Compensation can be viewed in multiple dimensions and from many angles. Organizations and their HR leadership must ensure that compensation is attractive, yet also remains cost affective (Cascio, 2016; Noe et al., 2017). Furthermore, with the continuous evolvement of technology, the workforce (Chou, 2012; Taylor, 2014), and the current demand for skilled talent, organizations must also ensure that investments in attractive benefits are also part of their overall compensation packages. Methods to assess compensation can be as simple as cross-comparing similar organizations through market research. Another method could be in formulating a compensation formula based on individual positions (i.e., position classification, competency requirements, seniority, and skill level) and based on organizational needs.
For example, the HR division of Virginia Commonwealth University, in 1998, created a pilot compensation program, and published a working formula that could be used as a starting point to HR professionals within the TI (see Virginia Commonwealth University Human Resource Division [Virginia Commonwealth University HR Division], 1998). Pay ranges were established and sustained with salary survey data that comprised public and private sector employers. Marketplace appraisals were steered intermittently, and other market data was assessed, to confirm that pay ranges remain competitive with those within the market (see Virginia Commonwealth University HR Division, 1998). Note: Check out more recent initiatives like that of Mississippi in their Information Technology Classifications Special Compensation Plan for FY 2018: http://sos.ms.gov/ACProposed/00022614b.pdf.
Other tools, described in an offered blog article by Elizabeth MacBride in 2012, also created additional assistance for HR professionals. MacBride in 2012, provided a tool for three years that workers within the tech arena could be used to effectively evaluate a potential organizations compensation offer. The tool compromised data on the tech startup job market, containing cash compensation and equity packages for a range of jobs, and could be downloaded free of charge (for your email address, of course). Unfortunately, in 2015, after three years they discontinued their free offering, though now offering other paid services. However, there are more recent approaches that TI organizations use in evaluating compensation, one such tactic is discussed next.
A more modern approach is one used by the software company Buffer, who openly displays company salaries and their formulas used for salary calculations (Gascoigne, 2016). Through transparency, the organization presents the image that there is nothing to hide internally or externally. This tactic (or ideology) directly speaks to workers by way of exuding the personification of high moral and ethical standards, and could appeal to those who are looking to be part of something greater than themselves through affiliation. Buffer reports that it is a transparent organization through action and salaries are just one of the many things in which the organization openly shares with the public, to include their formula for the past two years! Another is sharing externally not only their successes, but their failures. The company publishes articles on their website for the public to view. These articles vary from success stories as well as stories tied to recent failures; all aimed at staying in line with their company values of remaining transparent. Compensation is not the only factor that organizations need to retain talent. In the next section, an evaluation of successful training and career development plans for a technology organization are offered.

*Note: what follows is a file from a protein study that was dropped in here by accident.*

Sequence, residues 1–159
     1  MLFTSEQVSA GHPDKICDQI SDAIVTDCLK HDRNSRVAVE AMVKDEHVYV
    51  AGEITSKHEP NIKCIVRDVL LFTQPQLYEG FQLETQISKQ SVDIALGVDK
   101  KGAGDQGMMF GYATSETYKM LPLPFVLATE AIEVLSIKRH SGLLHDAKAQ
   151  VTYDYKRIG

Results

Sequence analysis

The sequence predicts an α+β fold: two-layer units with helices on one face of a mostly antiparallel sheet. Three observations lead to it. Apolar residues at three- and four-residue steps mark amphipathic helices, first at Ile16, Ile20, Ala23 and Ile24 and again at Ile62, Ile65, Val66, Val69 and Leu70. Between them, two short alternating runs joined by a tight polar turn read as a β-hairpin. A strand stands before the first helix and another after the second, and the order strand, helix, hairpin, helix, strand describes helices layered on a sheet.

3. Successful Training and Career Development Plans in the TI
Successful Training and Career Development Plans (T&CDP) are varied, to say the least. Understanding how compensation packages will attract and retain skilled workers will provide the structure of how to train and develop them. Simply, depending on what intrinsically motivates a skilled worker would dictate the career development plan that would be initiated. It is also critically important that the adopted T&CDP distinctly correlates with both the individual and the organizations needs collectively (see Cascio, 2016; Conerly, 2013; Jin, 2014). This brings to the forefront a question, are organizational leaders at a point of asking themselves:
Despite strict needs, is there now a necessity for
individual employees to also invest and take
responsibility in their own unique career development,
vise a singular internal requirement many times
placed on the HR function to navigate and leverage?
4. Employee Motivation within the Technology Industry
According to the study results offered by Al-Alawi (2005), which evaluated motivational factors of information technology (IT) employees, motivational influences include “environmental factors, management factors, opportunities and training in the workplace, and job satisfaction are essential to motivate the IT hotel employees” (p. 224). Training on a systematic basis was the most preferred method for motivating IT employees, an outcome supported by others who have studied the IT field (see Jin, 2014); outcomes that could also be correlated within the best practices for employee retention section previously outlined.
5. The Procedures for a New Employee Motivation Plan